Netflix invested money into their own productions and snagged top talent to write, produce, star, and direct their first major original series “House of Cards.” The show became a hit and its multiple Emmy wins confirmed that its quality was indistinguishable from the best network and cable shows. Its success paved the way for “Orange is the New Black,” “Stranger Things,” “Jessica Jones,” “Luke Cage,” “The Crown,” “DareDevil,” “Black Mirror,” “Godless,” “Castlevania,” “Ozark,” and other top shows watched by millions. Netflix also became a place where canceled or shelved TV shows with cult followings, such as “Arrested Development” and “Longmire,” and “Voltron (2017)” could be resurrected.
Netflix single handedly proved how successful a subscription-based streaming service could be. They leapfrogged head of Youtube (launched in 2005), the company that revolutionized streaming video and offered streaming film rentals, and Amazon’s Unbox Service (launched in 2006), which allowed viewers to download full-length films and would later become the streaming services Amazon Video on Demand and then Prime Video. They even bested the content creation giants– the major studios: 20th Century Fox (now Disney), NBC Universal (Comcast), and Warner Brothers (now AT&T) who joined forces to create Hulu in 2006. However, they have failed to gain the same market share and as of 2019, Hulu has less than 30 million subscribers and Netflix has over 100 million global subscribers.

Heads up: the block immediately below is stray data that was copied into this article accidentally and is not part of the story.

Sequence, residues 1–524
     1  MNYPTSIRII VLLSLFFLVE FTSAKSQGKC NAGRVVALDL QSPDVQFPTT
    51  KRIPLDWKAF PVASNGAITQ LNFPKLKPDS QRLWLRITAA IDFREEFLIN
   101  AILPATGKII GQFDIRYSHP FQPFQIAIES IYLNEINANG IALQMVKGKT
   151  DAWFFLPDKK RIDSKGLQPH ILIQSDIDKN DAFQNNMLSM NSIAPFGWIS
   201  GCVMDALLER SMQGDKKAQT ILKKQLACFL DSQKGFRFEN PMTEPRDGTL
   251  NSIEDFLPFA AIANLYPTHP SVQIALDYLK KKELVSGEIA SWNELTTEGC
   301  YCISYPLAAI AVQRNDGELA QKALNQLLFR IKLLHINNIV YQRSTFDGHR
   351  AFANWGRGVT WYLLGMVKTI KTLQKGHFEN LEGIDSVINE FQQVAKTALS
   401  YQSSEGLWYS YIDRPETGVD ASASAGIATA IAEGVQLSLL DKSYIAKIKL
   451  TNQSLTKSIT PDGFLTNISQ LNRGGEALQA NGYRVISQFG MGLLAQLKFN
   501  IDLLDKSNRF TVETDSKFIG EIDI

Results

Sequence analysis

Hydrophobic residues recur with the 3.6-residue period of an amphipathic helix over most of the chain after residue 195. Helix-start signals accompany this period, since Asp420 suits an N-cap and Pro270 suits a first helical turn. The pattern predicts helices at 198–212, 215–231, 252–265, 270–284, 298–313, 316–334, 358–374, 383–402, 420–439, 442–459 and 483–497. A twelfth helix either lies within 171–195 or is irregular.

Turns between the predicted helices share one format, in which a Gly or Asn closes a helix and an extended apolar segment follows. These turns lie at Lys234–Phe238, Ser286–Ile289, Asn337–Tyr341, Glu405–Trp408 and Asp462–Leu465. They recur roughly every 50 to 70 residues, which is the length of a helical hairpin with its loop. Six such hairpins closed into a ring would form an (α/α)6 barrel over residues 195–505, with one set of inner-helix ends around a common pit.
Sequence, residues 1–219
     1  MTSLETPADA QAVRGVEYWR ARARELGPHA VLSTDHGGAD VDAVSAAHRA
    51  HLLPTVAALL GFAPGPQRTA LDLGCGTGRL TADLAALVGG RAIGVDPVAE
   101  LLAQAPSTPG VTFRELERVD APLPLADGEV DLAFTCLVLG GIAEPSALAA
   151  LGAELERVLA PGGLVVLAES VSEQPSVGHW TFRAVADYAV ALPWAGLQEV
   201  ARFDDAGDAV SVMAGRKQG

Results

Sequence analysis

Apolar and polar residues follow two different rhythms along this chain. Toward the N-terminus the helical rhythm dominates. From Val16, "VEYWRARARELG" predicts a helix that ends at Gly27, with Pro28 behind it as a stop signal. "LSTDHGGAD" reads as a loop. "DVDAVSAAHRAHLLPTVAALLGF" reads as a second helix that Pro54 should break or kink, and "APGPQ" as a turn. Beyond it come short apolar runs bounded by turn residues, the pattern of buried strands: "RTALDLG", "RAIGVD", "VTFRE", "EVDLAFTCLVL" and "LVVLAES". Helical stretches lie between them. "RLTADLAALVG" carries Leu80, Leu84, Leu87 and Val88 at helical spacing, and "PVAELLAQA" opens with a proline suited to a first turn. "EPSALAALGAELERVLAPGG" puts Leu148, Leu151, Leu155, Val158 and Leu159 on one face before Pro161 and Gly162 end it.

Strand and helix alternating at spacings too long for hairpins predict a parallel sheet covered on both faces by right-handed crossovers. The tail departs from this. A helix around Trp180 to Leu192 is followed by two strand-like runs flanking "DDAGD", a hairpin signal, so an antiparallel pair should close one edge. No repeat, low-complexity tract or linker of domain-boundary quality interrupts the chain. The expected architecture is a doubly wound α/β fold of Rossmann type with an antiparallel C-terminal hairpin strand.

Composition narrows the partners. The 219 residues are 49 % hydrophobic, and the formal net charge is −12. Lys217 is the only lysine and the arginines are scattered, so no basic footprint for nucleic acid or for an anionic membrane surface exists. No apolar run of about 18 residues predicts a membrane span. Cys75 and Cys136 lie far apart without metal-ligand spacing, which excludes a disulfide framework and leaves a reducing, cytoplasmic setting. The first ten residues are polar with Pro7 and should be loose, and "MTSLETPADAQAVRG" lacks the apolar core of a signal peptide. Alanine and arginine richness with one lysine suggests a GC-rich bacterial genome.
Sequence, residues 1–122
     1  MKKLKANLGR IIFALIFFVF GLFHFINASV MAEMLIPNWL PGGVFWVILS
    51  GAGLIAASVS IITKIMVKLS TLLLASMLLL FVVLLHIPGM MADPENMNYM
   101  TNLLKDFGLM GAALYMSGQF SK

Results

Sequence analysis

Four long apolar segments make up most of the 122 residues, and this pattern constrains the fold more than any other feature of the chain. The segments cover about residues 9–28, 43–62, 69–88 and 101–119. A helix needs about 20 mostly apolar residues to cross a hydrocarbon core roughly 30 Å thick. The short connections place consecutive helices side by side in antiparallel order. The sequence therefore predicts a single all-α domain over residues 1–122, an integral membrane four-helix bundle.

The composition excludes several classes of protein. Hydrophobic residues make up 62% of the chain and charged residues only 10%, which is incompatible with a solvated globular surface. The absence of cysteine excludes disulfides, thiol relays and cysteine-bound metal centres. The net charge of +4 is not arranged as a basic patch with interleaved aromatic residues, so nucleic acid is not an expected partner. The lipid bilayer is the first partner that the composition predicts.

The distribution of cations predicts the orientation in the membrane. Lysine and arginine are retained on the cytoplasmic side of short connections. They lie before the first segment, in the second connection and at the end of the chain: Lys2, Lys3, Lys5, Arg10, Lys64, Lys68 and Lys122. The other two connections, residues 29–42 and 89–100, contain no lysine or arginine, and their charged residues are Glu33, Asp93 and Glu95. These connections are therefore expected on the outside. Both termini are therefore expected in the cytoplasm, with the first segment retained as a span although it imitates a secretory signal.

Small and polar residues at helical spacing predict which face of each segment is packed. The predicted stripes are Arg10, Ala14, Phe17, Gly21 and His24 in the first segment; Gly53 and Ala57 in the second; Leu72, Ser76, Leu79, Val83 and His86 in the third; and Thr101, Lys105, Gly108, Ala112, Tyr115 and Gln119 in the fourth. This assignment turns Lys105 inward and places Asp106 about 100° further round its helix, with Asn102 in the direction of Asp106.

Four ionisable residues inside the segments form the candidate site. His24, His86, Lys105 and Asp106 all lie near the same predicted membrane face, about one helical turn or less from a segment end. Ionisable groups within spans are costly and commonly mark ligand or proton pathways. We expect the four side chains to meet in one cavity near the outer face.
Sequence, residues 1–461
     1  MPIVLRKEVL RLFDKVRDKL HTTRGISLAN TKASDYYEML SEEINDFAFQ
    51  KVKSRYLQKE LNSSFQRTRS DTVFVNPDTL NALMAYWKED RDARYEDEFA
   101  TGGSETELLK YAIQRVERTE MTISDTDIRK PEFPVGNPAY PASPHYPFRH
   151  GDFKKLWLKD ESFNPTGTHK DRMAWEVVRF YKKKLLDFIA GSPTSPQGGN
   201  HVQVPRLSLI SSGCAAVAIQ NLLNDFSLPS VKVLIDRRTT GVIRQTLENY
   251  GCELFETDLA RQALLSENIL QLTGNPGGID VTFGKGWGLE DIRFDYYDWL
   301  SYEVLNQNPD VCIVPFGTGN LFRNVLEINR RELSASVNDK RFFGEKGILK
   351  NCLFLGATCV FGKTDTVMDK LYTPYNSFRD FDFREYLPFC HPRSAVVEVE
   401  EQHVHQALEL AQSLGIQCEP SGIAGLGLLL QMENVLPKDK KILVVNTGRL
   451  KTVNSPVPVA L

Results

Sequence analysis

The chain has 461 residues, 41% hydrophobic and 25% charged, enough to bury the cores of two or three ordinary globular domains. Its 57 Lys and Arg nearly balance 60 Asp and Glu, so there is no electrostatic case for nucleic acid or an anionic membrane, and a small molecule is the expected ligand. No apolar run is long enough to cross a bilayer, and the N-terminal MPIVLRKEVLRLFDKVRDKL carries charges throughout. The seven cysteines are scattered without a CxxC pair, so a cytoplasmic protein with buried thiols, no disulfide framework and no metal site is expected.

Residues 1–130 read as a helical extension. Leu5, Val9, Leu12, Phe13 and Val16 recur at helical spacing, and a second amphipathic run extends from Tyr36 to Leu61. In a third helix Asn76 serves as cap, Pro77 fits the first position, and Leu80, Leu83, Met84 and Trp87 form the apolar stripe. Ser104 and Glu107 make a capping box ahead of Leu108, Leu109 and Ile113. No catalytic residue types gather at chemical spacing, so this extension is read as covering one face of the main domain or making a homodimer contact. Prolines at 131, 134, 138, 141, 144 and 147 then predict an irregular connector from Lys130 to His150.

CBS stood alone from the pack and launched its subscription service CBS All Access in 2014 that allowed consumers to stream all current and past CBS content at $5.99 (ad supported) and $9.99 (ad-free) price points. The service released its first original programming in 2017 with The Good Fight (2017) and Star Trek: Discovery (2017). Currently, All Access has 2 million subscribers.
In 2010, HBO launched HBO Go, which allowed its current customers to stream all HBO content at no additional cost. In 2015, that service was followed by HBO Now, which allowed anyone with internet access to watch all HBO content for a $14.99/mo fee. This was a highly significant change to HBO’s business model because the focus on streaming made it possible for HBO to offer its service directly consumers for the first time without the need for a cable TV subscription, making them an autonomous distribution platform like Netflix.
All of the major content providers had to follow Netflix’s example and begin streaming their content via their own apps or via their cable provider’s apps.
Many other services such as Showtime Now (CBS), Shudder (AMC), DC Universe (AT&T), Britbox (BBC and ITV) also have subscription-based streaming services. Even YouTube, which was the first company based solely on streaming content, began to create their own original content for their YouTube Premium platform.